HAINES JUNCTION, YUKON TERRITORY, CANADA – There’s not a lot to this town, which is really just a crossroads on the Alaska Highway about two hours west of Whitehorse, reached by a very pretty highway (see photo).
Haines Junction is pretty much a collection of a few small hotels and motels and a couple gas stations. n The Frosty Freeze appeared to be the centre of action on a 13 degree Saturday night, when it didn’t get dark until after midnight, and even then I don’t think ever turned REALLY dark.
Then again, one doesn’t venture up here for the night life but to tour around the magical mountains and lakes and to check out Kluane National Park.
The Park Centre is just off the main highway, where there’s also a Yukon Tourism office. There’s a small display about local wildlife and history and native Canadians, and it’s a bright, sunny spot with great views of the mountains. They’ll probably offer to show you a new, 20 minute video they’re quite proud of – and justifiably so. It’s well done, and the scenery is jaw-droppingly beautiful. It talks about how natives were denied hunting and fishing rights when the national was created, something that has thankfully been put aside from what I could tell. There are fabulous shots of glaciers and hiking trails and grizzly bears and moose and all that, and the video along was enough to convince me to come back in mid-summer some time.
The Village Bakery is right next door and offers a decent array of sandwiches, quiche, pizza and tolerable shepherd’s pie for lunch, along with good French roast coffee. I drove from there about 20 minutes south to Kathleen Lake (see photo at left), which is a beautiful, crisp and clear lake in the shadow of what’s called King’s Throne Mountain. The ice was just breaking up and it made kind of a whooshing sound that threw me until I realized what it was. A lovely spot, but I didn’t go too far as I wasn’t equipped for 12 degree weather with strong winds, and didn’t have anything to ward off any bears that might get curious about the guy from Toronto.
It was partly cloudy so I couldn’t see all the mountain tops, and didn’t get up for a plane ride to see the glaciers, but it’s a beautiful corner of Canada. I drove a few minutes further south, then pulled over to watch the clouds dip and swirl over a jagged mountain peak. The road feels similar to the parkway between Jasper and Banff, one of the differences being that when I was pulled over for 10 minutes I spotted just one vehicle; a motorcycle. A few minutes later, I look down the road and lumbering up the hill is a very large moose. It got within 15 or 20 metres of the car (I had pulled over) before dropping down off the easy path and migrating into the bush.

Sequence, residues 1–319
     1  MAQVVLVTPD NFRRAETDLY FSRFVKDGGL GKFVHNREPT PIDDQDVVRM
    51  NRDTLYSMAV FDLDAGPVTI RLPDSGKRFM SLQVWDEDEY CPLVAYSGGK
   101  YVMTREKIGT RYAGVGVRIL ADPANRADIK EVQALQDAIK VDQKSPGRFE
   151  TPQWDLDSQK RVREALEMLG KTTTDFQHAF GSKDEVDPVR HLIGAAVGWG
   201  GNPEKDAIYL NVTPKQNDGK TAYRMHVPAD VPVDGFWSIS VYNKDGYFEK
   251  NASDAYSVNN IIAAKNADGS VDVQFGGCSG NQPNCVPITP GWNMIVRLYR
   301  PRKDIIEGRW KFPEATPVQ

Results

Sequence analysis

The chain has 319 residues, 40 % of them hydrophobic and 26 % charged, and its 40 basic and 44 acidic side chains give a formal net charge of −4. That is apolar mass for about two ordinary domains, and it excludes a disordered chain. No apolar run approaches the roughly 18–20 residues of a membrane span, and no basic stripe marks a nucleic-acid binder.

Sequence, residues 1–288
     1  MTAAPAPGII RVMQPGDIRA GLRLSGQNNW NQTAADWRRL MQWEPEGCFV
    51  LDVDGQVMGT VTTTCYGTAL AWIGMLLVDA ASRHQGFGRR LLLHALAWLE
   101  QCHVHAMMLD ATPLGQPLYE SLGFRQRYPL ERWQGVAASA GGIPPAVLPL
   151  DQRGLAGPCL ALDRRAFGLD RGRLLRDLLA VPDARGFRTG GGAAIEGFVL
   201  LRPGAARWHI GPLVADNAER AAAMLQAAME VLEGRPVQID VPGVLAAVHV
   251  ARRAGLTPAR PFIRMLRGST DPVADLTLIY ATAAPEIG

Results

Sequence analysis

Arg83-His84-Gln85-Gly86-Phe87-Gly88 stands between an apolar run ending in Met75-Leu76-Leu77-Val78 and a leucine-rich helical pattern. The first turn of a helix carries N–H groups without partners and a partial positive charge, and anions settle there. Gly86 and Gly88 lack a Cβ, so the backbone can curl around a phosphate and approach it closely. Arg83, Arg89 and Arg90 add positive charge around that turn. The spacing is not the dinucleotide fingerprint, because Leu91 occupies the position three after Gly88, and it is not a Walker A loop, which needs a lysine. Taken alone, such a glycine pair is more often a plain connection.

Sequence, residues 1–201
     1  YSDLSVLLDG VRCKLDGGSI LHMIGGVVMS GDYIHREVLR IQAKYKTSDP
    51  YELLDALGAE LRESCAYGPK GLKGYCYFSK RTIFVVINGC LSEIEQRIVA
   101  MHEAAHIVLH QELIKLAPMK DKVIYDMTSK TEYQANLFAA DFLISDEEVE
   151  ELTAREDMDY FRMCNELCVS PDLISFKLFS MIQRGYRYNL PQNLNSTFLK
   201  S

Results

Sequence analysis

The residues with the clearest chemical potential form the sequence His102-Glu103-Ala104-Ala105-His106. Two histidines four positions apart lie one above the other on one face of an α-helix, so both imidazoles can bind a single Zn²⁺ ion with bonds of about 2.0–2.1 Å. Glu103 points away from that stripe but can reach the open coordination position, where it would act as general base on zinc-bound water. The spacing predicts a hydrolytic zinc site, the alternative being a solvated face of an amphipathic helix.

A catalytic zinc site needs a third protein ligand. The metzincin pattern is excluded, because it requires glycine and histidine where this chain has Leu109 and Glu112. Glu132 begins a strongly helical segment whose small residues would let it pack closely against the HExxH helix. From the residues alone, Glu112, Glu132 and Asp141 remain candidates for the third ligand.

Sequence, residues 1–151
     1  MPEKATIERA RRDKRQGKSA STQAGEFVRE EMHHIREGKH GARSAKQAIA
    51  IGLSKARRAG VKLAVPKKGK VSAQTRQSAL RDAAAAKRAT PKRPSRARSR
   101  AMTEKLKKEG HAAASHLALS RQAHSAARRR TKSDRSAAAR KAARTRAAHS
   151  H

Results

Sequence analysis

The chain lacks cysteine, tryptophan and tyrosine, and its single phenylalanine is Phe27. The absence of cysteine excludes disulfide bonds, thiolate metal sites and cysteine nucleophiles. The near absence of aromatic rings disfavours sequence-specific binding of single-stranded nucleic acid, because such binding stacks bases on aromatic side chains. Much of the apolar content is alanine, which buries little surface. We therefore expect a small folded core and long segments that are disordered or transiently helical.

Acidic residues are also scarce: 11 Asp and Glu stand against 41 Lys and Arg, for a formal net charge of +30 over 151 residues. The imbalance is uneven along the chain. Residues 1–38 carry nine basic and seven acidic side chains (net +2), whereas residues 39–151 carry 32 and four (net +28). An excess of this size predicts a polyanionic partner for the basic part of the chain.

Still, always nice to see a moose on your first day in the north.
As I pulled into a gas station for a snack (seven bucks for a Sprite and a large bag of chips), I spotted a small, rounded metal hut that has been turned into a church. The story goes that a priest came in 1954 and found an old Quonset hut that had been used by the American army during the building of the Alaska Highway.
He added some lights at the top and it’s now said to be the most-photographed church in the Yukon. The sign says for anyone to go in anytime for a little peace, which is a nice idea. I did and disturbed a poor guy in the back row (I think there are three rows in all; maybe four) reading a bible. He was happy to chat for a minute and told me I could go into the church hall behind the altar. There’s a small room with a couple tables and chairs, and it’s flooded with light and absolutely delightful, as is the entire structure. A definite surprise, and a great little spot in tiny little Haines Junction.
Dinner options are very limited on a Sunday night, and the only fine dining spot was closed. So I ended up on the patio at the Frosty Freeze for a tolerable burger and decent fries.
A teenager was sitting at a nearby table with friends, complaining about not being able to get a ride.
“I called home,” she said, “but they’re all passed out.”
After dinner I drove out and around the area, admiring the mountains as I waited for a midnight sunset. I pulled over near a bridge just south of Haines Junction just as a huge band of swallows – perhaps three or four hundred – rose up from below the bridge and started swooping and swirling in giant packs in the sky above the Dezadeash River. They came within a few feet of me a couple times, banking sharply in waves and fluttering about above the river for about three minutes before finally dissapating. I don’t like birds in the least, but it was VERY COOL and magical, almost.